Doctor Sleep is All Play and No Work

I was probably too young the first time I saw The Shining. When I was ten, my parents made the questionable decision of letting me watch it on family movie night. But they quickly regretted it, because for weeks after my premature stay at the Overlook Hotel, my nightmares were haunted by hideous orange carpeting and twin teal dresses. I even refused to take baths because I was terrified of the “zombie lady” lurking behind my shower curtain. Last weekend, director Mike Flannigan brought my childhood nightmares back to the big screen with his sequel Doctor Sleep.  Overall, Doctor Sleep is delightfully scary, but it disappoints because it isn’t innovating like the original. 

Photo Credit: IMDB

Doctor Sleep, adapted from Stephens King’s 2013 novel of the same name, is centered on an adult Danny Torrance (portrayed by a grisly and woebegone Ewan McGregor). At 40 years old, Danny has traded in his big wheel for a bottle of whiskey. And after a nasty wake-up call, he decides to make a new life for himself in a small town in New Hampshire. Eventually, with the help of a friend, Dan sobers up and gets a job as an orderly in a hospice facility. There, he uses his psychic powers to comfort the dying as they go out with a whisper (hence the title of the film).

But Dan’s prosperity doesn’t last, and his world is again torn apart by “Redrum.” Abra, performed by the tenacious and fresh-faced Kyleigh Curran, is a teenage girl whose shine is staggeringly powerful. She is also Dan’s telepathic pen pal. When Abra is scarred after witnessing a gruesome murder committed by a convoy of soul-eating psychics called The Knot, she asks for Dan’s help to take them down. The rest of the film follows the duo as they try to take down The Knot and its gypsy queen Rose (Rebecca Ferguson). 

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The film masterfully uses score and gore to create two-and-a-half hours of captivating fear. The hallmark of a good horror film is a strong soundscape, and Doctor Sleep has it in spades. The steady sound of a heartbeat that follows Danny wherever he goes is woven into the score perfectly. It drives the plot forward, while simultaneously pulling me into Dan's fear.  Additionally, the score itself is a compelling amalgamation of The Shining’s strong musical personality and modern horror’s chaotically layered arrangements. All this makes the settings are just as sinister as the people. The music made me anxious before the camera could turn the next blood-filled corridor.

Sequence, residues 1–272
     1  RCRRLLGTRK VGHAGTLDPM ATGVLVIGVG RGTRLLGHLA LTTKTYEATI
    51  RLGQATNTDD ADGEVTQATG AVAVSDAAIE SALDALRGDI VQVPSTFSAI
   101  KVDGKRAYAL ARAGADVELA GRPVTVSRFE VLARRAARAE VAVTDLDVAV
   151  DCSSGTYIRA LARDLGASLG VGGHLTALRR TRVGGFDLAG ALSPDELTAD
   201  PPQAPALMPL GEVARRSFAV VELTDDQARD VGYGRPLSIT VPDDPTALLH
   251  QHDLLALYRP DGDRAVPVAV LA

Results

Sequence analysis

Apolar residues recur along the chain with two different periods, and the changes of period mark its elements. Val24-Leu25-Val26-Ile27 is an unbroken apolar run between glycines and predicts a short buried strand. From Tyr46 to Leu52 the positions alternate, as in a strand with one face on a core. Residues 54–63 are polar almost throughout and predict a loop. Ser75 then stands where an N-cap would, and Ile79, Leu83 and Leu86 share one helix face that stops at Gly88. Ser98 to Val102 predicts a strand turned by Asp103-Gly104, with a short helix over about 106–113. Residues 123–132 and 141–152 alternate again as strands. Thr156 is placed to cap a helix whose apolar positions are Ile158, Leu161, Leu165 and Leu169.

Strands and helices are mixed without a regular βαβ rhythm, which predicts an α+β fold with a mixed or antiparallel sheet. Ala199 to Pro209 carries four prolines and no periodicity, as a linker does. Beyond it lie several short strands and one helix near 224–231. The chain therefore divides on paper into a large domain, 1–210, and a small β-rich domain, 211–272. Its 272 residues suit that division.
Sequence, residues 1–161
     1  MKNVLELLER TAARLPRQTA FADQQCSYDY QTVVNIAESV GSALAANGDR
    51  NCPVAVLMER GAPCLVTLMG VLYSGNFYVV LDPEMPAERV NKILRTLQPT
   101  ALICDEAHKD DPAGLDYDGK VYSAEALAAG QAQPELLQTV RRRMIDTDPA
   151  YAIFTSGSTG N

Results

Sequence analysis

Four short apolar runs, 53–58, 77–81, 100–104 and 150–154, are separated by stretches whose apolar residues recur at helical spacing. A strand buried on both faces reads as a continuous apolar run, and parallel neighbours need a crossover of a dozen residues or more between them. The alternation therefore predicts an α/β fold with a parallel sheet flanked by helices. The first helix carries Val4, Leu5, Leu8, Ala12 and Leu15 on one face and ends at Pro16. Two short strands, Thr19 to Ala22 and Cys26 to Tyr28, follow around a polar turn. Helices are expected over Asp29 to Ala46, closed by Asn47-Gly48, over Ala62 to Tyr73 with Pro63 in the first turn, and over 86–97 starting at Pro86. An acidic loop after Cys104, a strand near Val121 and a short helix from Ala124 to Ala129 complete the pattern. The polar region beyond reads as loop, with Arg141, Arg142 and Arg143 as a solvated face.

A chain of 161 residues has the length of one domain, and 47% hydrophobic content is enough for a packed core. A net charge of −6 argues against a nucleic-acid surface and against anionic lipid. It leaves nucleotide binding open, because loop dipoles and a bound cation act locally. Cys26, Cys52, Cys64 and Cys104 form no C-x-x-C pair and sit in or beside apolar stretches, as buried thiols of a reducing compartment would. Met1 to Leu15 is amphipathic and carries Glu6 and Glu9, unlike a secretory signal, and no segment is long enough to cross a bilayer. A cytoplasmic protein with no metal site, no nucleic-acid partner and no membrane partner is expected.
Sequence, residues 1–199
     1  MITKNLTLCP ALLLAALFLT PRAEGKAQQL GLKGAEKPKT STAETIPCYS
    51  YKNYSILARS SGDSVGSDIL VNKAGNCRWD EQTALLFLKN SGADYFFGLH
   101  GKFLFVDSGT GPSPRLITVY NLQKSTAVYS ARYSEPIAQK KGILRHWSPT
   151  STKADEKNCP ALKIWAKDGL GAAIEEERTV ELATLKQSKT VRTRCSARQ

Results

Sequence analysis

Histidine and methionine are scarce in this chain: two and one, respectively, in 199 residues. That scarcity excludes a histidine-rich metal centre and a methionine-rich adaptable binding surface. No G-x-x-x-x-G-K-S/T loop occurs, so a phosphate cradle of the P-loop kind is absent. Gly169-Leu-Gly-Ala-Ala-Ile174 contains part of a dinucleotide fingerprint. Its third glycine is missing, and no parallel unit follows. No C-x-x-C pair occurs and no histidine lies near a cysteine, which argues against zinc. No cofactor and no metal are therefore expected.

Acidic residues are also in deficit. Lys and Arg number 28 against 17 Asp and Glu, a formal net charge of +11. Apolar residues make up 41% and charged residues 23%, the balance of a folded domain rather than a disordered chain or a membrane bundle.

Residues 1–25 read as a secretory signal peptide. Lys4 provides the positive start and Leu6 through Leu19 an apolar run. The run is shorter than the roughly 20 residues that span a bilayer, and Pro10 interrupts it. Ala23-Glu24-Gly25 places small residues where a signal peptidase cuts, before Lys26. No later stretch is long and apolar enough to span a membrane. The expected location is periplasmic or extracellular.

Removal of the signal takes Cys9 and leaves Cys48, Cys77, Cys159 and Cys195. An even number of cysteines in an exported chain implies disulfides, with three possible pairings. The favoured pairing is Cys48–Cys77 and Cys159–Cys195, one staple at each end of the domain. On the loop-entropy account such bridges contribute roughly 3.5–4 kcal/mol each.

Visually, the film is also a terrifying triumph in the horror genre. It takes the familiar ghouls from The Shining and gives them a CGI makeover to make them look more realistic and creepier than ever. Ten-year-old me probably would have left the theater in tears if she saw what they did to the shower ghost. The Knot’s soul-eating ritual also puts Doctor Sleep’s money where its gruesome mouth is. To stay alive, they must feast on the souls of children who shine by extracting their souls with agonizing pain. In one scene, The Knot stabs a child and slowly feeds on his futile struggle for life. The entire scene consists of unflinching close-ups of the remorseless hunger in The Knot’s eyes and the excruciating fear on the victim’s tear-streaked face. I was so genuinely horrified that I almost walked out of the theater, which, for a horror movie, is sort of a compliment. Unfortunately, despite Doctor Sleep’s attention to craft, its style is no different from the hours of horror I could be streaming right now on Netflix. 

Photo Credit: WBUR 

Doctor Sleep’s unoriginality is especially disappointing given the importance The Shining has within the horror genre. Kubrick’s original film reinvented the horror genre through confusing loneliness and eerie unexplained ghosts that haunt the technicolor caverns of the Overlook Hotel. But Doctor Sleep’s large cast and lack of mystery show that Flannigan has clearly misunderstood the suspenseful, psychological, horror that made The Shining iconic. The Shining's sequel without madness is just dull. Because of that, I struggled to understand what the point of the film is.  

Photo Credit: IMDB

If it were a true sequel to the 80s cult classic, Flannigan would be pushing the boundaries of the horror genre as Kubrick did. I don’t expect Flannigan to be as innovative (or as eccentric) as his holiness, Stanley Kubrick, but an attempt from Flannigan to give us a new perspective on the horror genre would have strengthened the film. It would have proved that Doctor Sleep could find its own “shine” in the darkness of Kubrick’s massive shadow. Instead, Doctor Sleep feels like a bad crossover episode between The Shining and Flannigan’s 2017 horror series The Haunting of Hill House. It's derivative, and obviously cashing in on the original’s cult following. 

Doctor Sleep was an effective horror film but an unnecessary epilogue to Kubrick’s The Shining. When I finally got home after the movie, I wasn’t afraid to pull back my shower curtain. 


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